SEO can be a massive undertaking for businesses large and small. The interesting thing about SEO, though, is that you can bite off as large as small of chunks as possible as you try to improve your visibility in search engines. If you’re a small or medium size business, though, it’s likely that you don’t have an enormous amount of resources to direct to your SEO efforts. If this is your predicament, fear not, there are still some fairly low effort/high return approaches you can take to your SEO, and today we’re going to show you one of those approaches.
Lots of people claim to "know a bit about SEO," but the more of these people you talk to, the more you'll come to understand that most of what they know is a little dated.
The strange thing about SEO is just how fast it moves. Even if you did have a good grasp on things a couple years ago, if you haven't kept up, you're basically a dinosaur. People mention things like "meta keywords" and "keyword density" that are now basically irrelevant. "Link building" is now "link earning."
Head spinning yet? If so, it's easy to understand why.
If you've searched Google for a nearby business, chances are you're familiar with local listings, often plotted on a map central to your location—and if you're one of those businesses hoping to be found by consumers searching locally, it's critical to understand the value of a well-optimized local search presence.
The phrase, “location, location, location” is a well-known saying that refers to the importance of where a property is located. To many, the site of a business is a big make-or-break factor. While the physical location of a business is still vital to its success, consumers now also rely heavily on online search engines to shop local businesses. This means a business’s local search listing is just as significant as its location, location, location. Due to the importance of local listings, it is vital that a business’s online listing is in tip-top shape.
With every one of Google’s most recent updates, many websites get clobbered in the rankings. Unfortunately, small business owners who contract out their search engine and online marketing work often bear the brunt of the fallout. There are some invisible killers to your search traffic, and you need to know what they are. Here are three examples of what might be causing your traffic drop.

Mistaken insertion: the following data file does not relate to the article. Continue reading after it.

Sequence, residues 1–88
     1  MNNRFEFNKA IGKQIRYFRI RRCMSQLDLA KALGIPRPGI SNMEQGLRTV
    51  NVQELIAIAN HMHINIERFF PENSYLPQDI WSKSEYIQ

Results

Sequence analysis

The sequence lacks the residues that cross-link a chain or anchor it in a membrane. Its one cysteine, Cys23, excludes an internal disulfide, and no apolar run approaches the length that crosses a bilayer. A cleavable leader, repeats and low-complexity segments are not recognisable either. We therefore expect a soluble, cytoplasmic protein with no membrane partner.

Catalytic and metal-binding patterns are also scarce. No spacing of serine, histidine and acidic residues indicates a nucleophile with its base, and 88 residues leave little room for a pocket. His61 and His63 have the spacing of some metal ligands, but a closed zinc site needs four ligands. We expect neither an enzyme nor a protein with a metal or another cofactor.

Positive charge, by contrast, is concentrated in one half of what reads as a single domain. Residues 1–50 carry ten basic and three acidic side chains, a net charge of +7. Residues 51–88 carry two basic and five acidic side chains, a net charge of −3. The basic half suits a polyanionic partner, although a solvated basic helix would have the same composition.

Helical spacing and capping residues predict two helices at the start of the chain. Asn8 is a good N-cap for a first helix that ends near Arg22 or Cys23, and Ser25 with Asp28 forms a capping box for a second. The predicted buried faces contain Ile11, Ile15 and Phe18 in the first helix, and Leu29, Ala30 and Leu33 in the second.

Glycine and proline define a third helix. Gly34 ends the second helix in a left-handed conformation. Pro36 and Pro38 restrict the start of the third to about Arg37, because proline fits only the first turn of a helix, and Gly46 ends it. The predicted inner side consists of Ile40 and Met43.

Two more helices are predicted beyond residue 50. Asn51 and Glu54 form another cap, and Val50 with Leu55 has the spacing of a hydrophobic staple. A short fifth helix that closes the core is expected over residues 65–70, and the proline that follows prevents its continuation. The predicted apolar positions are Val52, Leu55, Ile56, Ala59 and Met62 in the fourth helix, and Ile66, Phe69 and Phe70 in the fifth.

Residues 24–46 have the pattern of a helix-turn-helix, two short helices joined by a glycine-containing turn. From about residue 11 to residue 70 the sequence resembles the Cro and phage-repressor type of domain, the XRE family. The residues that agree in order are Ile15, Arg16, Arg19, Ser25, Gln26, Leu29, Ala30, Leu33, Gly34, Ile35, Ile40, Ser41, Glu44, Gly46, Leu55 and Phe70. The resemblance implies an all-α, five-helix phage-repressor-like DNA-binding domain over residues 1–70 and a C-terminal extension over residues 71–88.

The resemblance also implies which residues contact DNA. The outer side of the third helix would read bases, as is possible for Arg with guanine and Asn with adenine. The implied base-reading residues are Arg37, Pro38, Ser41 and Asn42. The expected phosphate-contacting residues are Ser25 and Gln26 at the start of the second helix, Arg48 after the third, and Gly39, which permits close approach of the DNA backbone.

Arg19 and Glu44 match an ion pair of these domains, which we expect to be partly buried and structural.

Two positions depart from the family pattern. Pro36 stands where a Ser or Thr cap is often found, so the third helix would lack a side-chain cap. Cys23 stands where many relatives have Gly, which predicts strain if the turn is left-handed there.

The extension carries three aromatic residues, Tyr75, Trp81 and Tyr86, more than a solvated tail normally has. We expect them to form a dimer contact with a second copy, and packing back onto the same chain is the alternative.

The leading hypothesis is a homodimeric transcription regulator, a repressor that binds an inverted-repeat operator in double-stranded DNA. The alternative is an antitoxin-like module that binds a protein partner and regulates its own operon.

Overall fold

If you've happened to look at your organic search traffic numbers in Google Analytics lately, you've likely seen a puzzling trend. It's quite likely the most searched term leading visitors to your website is "not provided." Huh?
I recently had the chance to speak to a small business owner who was having an issue with their paid search spending. They had a very limited campaign on Google AdWords, and the main impetus behind it was that one of their competitors had started bidding on their brand name. This competitor had started stealing some of their traffic and, in response, this business owner wisely started a campaign centered around their brand. With a high quality score and little competition, the clicks weren't all that expensive and their traffic returned to their previous levels for a reasonable price.
Google's greatest hypocrisy yet
Recently Google brought down the hammer on service providers like Raven Tools, who were doing the unthinkable— scraping Google's data to supply to their customers! Yep, they were crawling Google's data and returning it to their customers so people could track how they were doing on Google. Of course, this goes against Google's terms of service, but this has been going on for years with no real fear of Google punishment. I mean, all Google does is scrape data all day so they couldn't be this big of hypocrites, could they?
Everyone wants to be number one. No matter what it is that you do, you're taught your entire life that being number one is the most important thing in the world. In SEO, that's long been the prevailing need of customers, "Get me ranked number one!" Well, I'm here to tell you that it's really not that important.
If you don't pay that much attention to format when you're doing a Google search, it may have slipped by you that the changes to the SERP (search engine results page) have been plentiful recently. Both in format and context, Google has made some pretty drastic changes in its format and some of them have not been greeted warmly.
Here's the rundown: